4 Things You Can’t Do without Systematic Theology

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Before we can understand why systematic theology is essential, we must first understand what it is. There’s no single definition of systematic theology, but at its heart it’s the discipline captured by the phrase “faith seeking understanding.”

Systematic theology builds on the results of biblical theology. Biblical theology is the exegetical discipline that seeks to grasp the entirety of Scripture as the unfolding of God’s plan from Genesis to Revelation. Starting with Scripture as God’s Word written through human authors—our final authority (sola scriptura) for what we think about God, ourselves, and the world—biblical theology seeks to “put together” the entire canon in a way that’s true to God’s intent.

Systematic theology then applies the truths gained in biblical theology to every aspect of our lives. It leads to doctrinal formulation—what we ought to believe and how we ought to live—warranted by the canon and done in light of historical theology.

In this way, systematic theology constructs a well-thought-out worldview that enables the church rightly “to think God’s thoughts after him” and to set biblical truth over against its worldview competitors. The goal of systematic theology is “to bring every thought captive to Christ” (2 Cor. 10:1–5) for our good, for the life and health of the church, and most significantly for God’s glory.

Here are four critical things we can’t do without systematic theology.

1. Know God

Systematic theology is necessary to know God rightly as the triune Creator-covenant God (and nothing is more important than this!). It’s true that God has revealed himself in creation, and we know him from what he has made (see Ps. 19:1–6; Rom. 1:18–32). But God didn’t create us to know him merely from our study of creation; he spoke to us in words through the prophets and ultimately through our Lord Jesus and his inspired words through his apostles (John 1:1–18; 2 Tim. 3:16–17; Heb. 1:1–2; 2 Pet. 1:20–21).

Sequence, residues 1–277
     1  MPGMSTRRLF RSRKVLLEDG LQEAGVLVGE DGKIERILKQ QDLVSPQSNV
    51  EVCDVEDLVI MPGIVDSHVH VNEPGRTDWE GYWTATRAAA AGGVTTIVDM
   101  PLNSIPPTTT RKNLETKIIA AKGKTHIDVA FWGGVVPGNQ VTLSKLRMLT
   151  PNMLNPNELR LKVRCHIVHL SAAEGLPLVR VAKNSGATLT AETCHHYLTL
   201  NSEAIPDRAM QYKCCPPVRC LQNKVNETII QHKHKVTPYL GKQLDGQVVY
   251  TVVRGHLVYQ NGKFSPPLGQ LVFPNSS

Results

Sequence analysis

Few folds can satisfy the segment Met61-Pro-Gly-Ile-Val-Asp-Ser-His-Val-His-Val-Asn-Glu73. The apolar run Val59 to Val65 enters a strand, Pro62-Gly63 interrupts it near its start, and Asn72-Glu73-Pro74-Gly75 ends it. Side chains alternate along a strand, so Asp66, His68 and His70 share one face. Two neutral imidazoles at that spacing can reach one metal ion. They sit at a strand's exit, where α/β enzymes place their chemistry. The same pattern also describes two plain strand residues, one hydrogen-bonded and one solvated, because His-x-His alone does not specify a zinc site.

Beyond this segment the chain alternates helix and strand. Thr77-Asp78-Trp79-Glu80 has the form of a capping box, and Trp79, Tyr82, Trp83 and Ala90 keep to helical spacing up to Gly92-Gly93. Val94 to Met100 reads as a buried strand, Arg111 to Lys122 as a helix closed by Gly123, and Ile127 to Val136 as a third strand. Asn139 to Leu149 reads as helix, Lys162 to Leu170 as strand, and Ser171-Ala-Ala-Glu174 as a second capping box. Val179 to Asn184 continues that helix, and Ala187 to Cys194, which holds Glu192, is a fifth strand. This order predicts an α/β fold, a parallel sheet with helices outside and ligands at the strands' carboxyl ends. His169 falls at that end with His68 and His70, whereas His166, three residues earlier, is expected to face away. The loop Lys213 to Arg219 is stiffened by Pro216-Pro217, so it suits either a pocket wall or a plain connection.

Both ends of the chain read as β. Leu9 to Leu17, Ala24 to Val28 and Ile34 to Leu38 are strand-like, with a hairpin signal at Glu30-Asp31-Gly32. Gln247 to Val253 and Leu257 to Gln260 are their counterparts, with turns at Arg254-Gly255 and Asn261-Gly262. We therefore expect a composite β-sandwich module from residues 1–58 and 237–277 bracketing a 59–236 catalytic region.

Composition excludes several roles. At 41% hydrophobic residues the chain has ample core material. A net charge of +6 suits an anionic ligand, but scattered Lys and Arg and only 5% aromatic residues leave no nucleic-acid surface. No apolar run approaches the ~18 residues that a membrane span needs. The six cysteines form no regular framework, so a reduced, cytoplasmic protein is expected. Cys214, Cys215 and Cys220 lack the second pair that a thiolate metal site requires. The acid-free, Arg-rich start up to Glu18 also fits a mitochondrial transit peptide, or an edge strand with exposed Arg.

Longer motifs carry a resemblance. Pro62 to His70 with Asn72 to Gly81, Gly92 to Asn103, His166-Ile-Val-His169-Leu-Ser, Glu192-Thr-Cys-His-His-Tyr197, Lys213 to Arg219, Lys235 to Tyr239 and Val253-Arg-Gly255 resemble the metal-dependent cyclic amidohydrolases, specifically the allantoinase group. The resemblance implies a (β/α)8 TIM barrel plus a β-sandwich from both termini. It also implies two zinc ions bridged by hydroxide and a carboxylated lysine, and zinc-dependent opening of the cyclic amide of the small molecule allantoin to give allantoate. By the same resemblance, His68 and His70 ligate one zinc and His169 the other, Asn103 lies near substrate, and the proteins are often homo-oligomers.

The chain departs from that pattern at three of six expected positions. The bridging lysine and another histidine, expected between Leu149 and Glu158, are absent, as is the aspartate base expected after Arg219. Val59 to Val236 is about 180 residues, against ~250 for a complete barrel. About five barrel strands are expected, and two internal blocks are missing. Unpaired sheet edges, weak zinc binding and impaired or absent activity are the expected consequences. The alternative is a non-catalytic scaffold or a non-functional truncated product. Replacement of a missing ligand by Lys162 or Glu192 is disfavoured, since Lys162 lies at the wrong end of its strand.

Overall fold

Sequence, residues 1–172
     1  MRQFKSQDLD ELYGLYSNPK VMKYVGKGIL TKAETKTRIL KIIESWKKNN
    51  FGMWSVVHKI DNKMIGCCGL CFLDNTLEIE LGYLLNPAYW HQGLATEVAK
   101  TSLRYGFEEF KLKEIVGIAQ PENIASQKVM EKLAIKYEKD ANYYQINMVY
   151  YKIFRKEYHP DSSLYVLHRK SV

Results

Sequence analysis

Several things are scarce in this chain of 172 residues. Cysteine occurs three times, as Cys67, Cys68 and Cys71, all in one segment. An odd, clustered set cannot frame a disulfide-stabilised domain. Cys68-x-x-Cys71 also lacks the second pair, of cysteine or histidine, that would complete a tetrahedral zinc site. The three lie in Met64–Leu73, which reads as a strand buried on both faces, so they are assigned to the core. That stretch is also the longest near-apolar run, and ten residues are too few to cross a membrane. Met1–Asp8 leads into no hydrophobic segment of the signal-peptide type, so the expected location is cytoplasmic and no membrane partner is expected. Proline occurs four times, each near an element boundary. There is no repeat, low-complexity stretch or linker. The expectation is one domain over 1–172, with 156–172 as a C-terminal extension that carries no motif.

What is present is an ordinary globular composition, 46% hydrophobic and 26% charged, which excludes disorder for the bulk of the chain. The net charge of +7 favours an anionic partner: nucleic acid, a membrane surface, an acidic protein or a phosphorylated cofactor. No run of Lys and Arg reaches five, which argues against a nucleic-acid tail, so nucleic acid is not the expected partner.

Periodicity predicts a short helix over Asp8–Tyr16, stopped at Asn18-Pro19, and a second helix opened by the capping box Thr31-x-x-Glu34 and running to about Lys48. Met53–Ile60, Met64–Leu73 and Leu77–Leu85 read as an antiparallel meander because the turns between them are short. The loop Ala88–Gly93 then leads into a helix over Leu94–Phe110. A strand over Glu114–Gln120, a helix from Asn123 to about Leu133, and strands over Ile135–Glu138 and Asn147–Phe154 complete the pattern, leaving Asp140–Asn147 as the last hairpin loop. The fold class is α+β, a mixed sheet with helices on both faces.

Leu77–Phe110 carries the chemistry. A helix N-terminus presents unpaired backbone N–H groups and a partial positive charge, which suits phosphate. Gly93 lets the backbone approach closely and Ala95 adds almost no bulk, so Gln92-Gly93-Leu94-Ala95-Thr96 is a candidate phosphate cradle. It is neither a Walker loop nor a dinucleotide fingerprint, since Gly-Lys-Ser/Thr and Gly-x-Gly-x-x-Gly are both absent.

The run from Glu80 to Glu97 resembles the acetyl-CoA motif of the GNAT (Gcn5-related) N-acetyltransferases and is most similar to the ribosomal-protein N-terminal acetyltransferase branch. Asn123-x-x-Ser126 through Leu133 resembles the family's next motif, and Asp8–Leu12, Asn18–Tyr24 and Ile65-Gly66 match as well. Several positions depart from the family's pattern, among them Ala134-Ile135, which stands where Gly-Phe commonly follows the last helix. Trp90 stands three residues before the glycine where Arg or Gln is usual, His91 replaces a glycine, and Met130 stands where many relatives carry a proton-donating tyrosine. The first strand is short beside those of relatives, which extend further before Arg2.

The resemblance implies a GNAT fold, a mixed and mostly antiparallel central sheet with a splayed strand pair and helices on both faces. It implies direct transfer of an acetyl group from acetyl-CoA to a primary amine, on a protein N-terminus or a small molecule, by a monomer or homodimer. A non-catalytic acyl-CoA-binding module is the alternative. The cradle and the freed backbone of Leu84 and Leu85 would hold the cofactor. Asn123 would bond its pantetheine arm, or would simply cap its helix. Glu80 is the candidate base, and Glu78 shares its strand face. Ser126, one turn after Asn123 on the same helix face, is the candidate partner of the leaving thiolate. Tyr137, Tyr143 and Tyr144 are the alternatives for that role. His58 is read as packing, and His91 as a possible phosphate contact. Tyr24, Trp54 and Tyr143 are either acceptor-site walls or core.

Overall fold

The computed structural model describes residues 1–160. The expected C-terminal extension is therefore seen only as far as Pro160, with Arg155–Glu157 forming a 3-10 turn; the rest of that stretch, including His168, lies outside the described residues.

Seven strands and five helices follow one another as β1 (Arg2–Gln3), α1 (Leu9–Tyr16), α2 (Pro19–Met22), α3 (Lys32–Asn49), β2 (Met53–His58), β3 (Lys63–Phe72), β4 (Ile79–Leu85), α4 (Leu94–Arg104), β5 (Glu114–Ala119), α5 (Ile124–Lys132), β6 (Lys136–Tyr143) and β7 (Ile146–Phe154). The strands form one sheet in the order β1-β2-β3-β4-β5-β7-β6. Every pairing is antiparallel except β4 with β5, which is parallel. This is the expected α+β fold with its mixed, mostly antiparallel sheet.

But to know God truly we must know not only all of Scripture but also how to “put together” (by theological formulation) all that Scripture teaches.

For example, think of God as triune. The doctrine of the Trinity is true to Scripture, but it’s also the result of careful reflection on all that Scripture teaches about God’s oneness as God and threeness as Father, Son, and Spirit, plus much more. The Trinity isn’t found in one verse or chapter but in the entirety of Scripture, and unless systematic theology is done correctly, we won’t know God rightly.

Apart from systematic theology, our grasp of who God is and even our trust of him in this fallen world will be less than what it should be.

Or think of the divine sovereignty-human freedom relationship. Careful theological reflection on the entire canon is necessary in order to get this truth right, which matters greatly in our daily lives.

Apart from theology, our grasp of who God is and even our trust of him in this fallen world will be less than what it should be.

2. Know Ourselves

Systematic theology is also necessary to know who we are as God’s image-bearers and what God requires of his people. Theology tells us that the Bible’s story is unpacked with the categories of creation, fall, redemption, and new creation. As we try to understand who we are, we must carefully ask what God created us to be, what has happened to us in our sin, and what Christ has achieved in our redemption and ultimate glorification. If we don’t view ourselves this way, we’ll fail to grasp a truly Christian worldview.